Items Of
Training

Ability to acquire and use patient image data for treatment planning.
Ability to estimate the uncertainties involved in the patient data
acquired and to correct/accommodate such errors in treatment
planning
Demonstrate an understanding of the following:
Patient treatment set up and positioning procedures
The purpose, importance and dosimetric considerations of patient
immobilisation in external beam therapy
Accuracy and limitations of immobilization devices
Mould making procedures
Patient data required for treatment planning
Methods for acquisition of patient data, including:
Manual methods
Simulator
CT/CT-Simulator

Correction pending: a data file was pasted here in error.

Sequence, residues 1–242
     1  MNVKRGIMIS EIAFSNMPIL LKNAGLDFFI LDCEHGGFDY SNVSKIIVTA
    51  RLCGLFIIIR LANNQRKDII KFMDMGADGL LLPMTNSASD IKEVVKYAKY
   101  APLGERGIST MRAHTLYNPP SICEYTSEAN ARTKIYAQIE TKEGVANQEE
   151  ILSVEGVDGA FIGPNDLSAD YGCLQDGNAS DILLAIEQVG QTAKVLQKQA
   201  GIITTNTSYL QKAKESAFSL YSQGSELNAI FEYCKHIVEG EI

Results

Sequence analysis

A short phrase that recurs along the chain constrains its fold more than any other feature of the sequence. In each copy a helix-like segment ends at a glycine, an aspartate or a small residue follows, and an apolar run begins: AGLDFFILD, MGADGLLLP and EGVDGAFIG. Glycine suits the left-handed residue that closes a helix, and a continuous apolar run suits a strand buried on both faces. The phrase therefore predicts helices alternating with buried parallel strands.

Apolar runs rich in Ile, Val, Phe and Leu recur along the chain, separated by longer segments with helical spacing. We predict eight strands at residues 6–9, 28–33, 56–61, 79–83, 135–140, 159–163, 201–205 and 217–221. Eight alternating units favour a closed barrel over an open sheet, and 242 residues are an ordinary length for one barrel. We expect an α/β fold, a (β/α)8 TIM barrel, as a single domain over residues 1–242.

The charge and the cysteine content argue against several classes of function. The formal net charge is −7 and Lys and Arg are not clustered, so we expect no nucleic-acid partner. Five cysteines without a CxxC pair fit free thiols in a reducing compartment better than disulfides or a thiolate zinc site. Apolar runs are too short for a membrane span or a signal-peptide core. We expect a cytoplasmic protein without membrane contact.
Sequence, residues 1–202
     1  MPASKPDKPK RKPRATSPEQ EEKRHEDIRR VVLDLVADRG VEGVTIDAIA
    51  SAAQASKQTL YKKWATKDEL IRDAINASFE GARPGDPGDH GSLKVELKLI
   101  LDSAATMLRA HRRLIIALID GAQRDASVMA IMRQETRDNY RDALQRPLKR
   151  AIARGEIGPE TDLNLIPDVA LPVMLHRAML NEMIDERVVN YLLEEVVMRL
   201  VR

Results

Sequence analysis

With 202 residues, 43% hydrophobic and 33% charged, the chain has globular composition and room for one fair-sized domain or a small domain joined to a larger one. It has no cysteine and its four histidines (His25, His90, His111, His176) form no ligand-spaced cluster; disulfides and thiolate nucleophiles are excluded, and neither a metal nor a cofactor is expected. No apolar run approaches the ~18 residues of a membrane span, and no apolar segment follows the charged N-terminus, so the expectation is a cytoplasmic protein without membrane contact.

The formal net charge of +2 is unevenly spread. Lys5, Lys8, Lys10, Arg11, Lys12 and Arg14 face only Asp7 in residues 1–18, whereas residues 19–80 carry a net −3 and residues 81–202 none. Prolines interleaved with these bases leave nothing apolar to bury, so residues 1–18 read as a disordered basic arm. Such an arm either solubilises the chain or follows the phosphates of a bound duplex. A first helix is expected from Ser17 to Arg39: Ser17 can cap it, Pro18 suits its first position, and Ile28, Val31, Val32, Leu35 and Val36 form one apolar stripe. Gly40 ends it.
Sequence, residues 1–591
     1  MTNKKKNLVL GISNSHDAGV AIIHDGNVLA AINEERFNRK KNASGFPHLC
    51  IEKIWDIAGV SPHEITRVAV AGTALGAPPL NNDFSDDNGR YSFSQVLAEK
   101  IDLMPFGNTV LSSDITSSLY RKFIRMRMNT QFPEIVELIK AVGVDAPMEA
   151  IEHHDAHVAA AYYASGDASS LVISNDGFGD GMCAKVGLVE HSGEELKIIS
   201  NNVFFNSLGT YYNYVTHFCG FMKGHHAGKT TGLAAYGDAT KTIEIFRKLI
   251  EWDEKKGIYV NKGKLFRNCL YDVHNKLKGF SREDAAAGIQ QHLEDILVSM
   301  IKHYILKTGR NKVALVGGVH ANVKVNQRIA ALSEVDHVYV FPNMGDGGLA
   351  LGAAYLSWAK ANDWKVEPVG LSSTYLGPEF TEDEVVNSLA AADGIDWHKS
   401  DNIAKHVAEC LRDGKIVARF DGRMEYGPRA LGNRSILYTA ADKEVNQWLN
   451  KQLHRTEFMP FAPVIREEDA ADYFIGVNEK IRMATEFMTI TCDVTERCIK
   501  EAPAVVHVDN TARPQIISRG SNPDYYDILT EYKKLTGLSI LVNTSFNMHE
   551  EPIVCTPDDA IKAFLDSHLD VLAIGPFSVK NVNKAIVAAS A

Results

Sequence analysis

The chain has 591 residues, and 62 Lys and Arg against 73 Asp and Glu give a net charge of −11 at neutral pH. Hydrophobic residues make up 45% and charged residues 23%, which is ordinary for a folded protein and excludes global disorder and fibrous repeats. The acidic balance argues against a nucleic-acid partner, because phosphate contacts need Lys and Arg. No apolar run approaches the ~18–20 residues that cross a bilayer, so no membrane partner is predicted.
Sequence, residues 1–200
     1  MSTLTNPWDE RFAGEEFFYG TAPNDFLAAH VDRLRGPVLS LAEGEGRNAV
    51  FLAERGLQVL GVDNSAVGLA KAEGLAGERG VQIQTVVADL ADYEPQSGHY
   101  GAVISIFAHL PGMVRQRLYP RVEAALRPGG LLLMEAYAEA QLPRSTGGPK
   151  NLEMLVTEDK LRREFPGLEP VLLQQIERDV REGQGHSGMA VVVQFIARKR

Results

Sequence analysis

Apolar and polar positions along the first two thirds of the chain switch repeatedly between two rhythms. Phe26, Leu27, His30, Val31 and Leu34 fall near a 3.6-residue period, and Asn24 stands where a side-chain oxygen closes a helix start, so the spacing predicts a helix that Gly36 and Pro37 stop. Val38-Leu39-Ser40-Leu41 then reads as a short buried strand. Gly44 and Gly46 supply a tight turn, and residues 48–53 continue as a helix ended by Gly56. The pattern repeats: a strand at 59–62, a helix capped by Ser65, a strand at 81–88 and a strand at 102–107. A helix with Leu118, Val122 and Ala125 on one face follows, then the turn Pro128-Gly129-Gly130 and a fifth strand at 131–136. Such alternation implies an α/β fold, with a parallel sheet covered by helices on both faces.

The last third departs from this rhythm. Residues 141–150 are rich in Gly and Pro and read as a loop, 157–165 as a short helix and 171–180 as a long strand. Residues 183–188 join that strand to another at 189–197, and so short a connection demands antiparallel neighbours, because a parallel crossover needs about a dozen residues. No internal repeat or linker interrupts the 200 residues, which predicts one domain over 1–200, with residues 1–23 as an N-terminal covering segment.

MRI
PET/CT-PET
Magnitude and sources of uncertainties involved in the:

Image data
Contouring of target volumes and critical tissue structures of
interest
Treatment margins needed for contouring the target volumes and
organs at risk for a variety of treatment sites
Application of the ICRU concepts in contouring:

90

Target volumes
Normal organs at risk
Treatment margins
Transfer of patient image data to treatment planning systems
Perform image registration and contouring, including:
Contouring of the treatment targets and organs of interest for a
variety of treatment sites with:
Radiographs
CT images
MR images
Fused CT, MRI, and PET images
Margins to compensate/accommodate inter-fraction and intrafraction treatment errors.
Image reconstruction
2-D and 3-D display of contoured body and tissue structures
Generation of digital reconstruction radiograph (DRR)
Identification of planning contours reference points for dose
assessment and treatment set up
Provide supervision/support/advice on:

patient immobilization and patient data acquisition procedures


Acquisition and application of patient data for treatment planning